Challenging but unfailingly gorgeous, this 2010 feature achieves one of Jean-Luc Godard's greatest ambitions: to reclaim political agitprop as the stuff of symbolist poetry. Like T.S. Eliot's The Waste Land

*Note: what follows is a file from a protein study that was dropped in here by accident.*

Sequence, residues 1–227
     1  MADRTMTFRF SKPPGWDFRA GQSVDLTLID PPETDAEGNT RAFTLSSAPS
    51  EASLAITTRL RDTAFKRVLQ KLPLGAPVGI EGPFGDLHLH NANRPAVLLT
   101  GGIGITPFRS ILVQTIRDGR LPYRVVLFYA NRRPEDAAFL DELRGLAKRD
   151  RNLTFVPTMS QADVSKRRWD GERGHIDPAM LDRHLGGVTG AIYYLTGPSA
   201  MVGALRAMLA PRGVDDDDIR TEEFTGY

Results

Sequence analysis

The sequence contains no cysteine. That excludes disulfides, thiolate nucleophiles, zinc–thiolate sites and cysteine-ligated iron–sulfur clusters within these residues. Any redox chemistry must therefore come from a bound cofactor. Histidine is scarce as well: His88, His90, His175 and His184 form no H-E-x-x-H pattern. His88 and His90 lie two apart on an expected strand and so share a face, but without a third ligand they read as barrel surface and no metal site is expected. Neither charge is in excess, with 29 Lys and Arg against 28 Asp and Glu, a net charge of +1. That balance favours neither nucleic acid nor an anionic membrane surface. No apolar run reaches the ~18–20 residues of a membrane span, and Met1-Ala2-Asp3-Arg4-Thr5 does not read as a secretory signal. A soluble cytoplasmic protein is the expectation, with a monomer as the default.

, it's designed as a Tower of Babel, with dialogue in several languages (the comically stripped-down English subtitles, which Godard calls "Navajo English," won’t make things easier for monoglots) and allusions to politics, history, art, and philosophy. Beneath the imposing structure, though, is a simple, eloquent plea for humanism amid the fractured culture of the 21st century. With characteristic perversity, Godard shot this "film" in a variety of digital video formats, and he seems invigorated by the postcinematic landscape (especially its utopian social aspect), finding classical beauty nearly everywhere he looks. At 79, Godard has again made a young man's movie.